American Heritage® Dictionary of the English Language, Fourth Edition
- v. To remove clothing or covering from.
- v. To deprive of (clothing or covering).
- v. To deprive of honors, rank, office, privileges, or possessions; divest.
- v. To remove all excess detail from; reduce to essentials.
- v. To remove equipment, furnishings, or supplementary parts or attachments from.
- v. To clear of a natural covering or growth; make bare: strip a field.
- v. To remove an exterior coating, as of paint or varnish, from: stripped and refinished the old chest of drawers.
- v. To remove the leaves from the stalks of. Used especially of tobacco.
- v. To dismantle (a firearm, for example) piece by piece.
- v. To damage or break the threads of (a screw, for example) or the teeth of (a gear).
- v. To press the last drops of milk from (a cow or goat, for example) at the end of milking.
- v. To rob of wealth or property; plunder or despoil.
- v. To mount (a photographic positive or negative) on paper to be used in making a printing plate.
- v. To undress completely.
- v. To perform a striptease.
- v. To fall away or be removed; peel.
- n. A striptease.
- n. A long narrow piece, usually of uniform width: a strip of paper; strips of beef.
- n. A long narrow region of land or body of water.
- n. A comic strip.
- n. An airstrip.
- n. An area, as along a busy street or highway, that is lined with a great number and variety of commercial establishments.
- v. To cut or tear into strips.
Century Dictionary and Cyclopedia
- To rob; plunder; despoil; deprive; divest; bereave: with of before the thing taken away: as, to strip a man of his possessions; to strip a tree of its fruit.
- To deprive of covering; remove the skin or outer covering of; skin; peel: with of before the thing removed: as, to strip a beast of its skin; to strip a tree of its bark.
- To uncover; unsheathe.
- To unrig: as, to strip a ship.
- To tear off the thread of: said of a screw or bolt: as, the screw was stripped.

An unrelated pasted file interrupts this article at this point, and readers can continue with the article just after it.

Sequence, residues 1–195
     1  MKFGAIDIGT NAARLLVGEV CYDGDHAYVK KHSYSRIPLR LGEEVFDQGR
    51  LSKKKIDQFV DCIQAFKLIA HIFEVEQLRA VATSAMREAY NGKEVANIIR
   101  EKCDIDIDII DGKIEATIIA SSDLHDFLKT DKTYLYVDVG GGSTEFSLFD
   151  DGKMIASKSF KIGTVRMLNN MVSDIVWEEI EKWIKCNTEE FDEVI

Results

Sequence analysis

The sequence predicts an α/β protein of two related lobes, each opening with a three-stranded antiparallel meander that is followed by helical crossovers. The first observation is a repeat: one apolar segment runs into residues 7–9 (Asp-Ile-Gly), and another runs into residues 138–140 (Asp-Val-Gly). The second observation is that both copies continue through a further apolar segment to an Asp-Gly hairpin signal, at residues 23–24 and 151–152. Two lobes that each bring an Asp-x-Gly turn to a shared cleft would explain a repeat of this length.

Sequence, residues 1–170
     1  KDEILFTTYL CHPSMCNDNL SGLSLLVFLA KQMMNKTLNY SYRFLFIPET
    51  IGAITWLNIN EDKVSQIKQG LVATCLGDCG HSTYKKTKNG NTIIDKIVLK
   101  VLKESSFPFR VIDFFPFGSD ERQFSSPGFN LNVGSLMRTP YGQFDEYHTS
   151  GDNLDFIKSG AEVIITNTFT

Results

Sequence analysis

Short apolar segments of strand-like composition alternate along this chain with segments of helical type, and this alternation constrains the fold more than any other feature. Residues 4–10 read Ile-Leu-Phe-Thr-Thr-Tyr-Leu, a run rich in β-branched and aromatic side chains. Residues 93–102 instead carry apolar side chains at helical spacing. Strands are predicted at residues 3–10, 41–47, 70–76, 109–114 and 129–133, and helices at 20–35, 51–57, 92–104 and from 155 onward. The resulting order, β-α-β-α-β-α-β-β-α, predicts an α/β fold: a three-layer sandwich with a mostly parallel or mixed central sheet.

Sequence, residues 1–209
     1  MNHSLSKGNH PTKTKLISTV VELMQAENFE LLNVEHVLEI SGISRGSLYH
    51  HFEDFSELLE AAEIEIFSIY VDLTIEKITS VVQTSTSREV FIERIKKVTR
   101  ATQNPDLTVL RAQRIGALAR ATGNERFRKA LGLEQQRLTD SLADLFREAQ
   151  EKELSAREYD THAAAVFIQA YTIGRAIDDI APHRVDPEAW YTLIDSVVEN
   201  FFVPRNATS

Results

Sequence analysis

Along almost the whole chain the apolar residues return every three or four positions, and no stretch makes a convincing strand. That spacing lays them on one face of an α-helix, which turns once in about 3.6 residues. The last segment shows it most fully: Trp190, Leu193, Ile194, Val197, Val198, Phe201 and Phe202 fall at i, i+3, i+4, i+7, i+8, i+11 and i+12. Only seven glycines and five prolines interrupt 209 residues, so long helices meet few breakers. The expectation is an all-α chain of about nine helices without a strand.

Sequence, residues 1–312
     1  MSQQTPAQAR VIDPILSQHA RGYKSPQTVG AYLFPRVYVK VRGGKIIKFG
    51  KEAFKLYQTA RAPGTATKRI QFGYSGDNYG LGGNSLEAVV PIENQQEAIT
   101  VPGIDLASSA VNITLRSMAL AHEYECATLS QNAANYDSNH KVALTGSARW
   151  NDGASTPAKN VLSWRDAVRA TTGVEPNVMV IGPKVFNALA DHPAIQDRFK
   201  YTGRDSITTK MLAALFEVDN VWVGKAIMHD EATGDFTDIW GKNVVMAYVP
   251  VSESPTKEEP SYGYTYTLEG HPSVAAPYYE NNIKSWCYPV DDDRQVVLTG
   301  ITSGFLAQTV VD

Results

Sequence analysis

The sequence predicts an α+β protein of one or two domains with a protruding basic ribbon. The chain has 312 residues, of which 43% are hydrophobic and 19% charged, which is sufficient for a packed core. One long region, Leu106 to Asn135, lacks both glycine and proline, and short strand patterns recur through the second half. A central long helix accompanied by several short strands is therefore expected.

- To pull or tear off, as a covering or some adhering substance: as, to strip the skin from a beast; to strip the bark from a tree; to strip the clothes from a man's back: sometimes emphasized with off.
- To milk dry; press all the milk out of: as, to strip a cow.
- In fish-culture, to press or squeeze the ripe roe or milt out of (fishes). After the fishes are stripped the spawn of opposite sexes is mixed together; and after this artificial fecundation the eggs are hatched by artificial methods.
- In agriculture, to pare off the surface of in strips, and turn over the strips upon the adjoining surface.
- To separate; put away: with from.
- In tobacco manufacturing, to separate (the wings of the tobacco-leaf) from the stems.
- In carding, to clean (the teeth of the various cylinders and top flats) from short fibers.
- In file-making, to cross-file and draw-file (a file-blank) in order to bring it to accurate form and to clean the surface preliminary to grinding and cutting.
- In mining, to remove the overlying soil or detrital material from (any bed or mineral deposit which it is desired to open and work).
- In gun-making, to turn (the exterior of a gun-barrel) in a lathe in such manner that its longitudinal axis shall coincide with the axis of the bore.
- To run past or beyond; outrun; outstrip. See outstrip.
- Synonyms To denude, lay bare.
- To take off the covering or clothes; uncover; undress.
- To lose the thread, as a screw, or have the screw stripped off, as a screw-bolt.
- To issue from a rifled gun without assuming the spiral turn: said of a projectile.
- To come off, as an outer covering (as bark); separate from an underlying surface.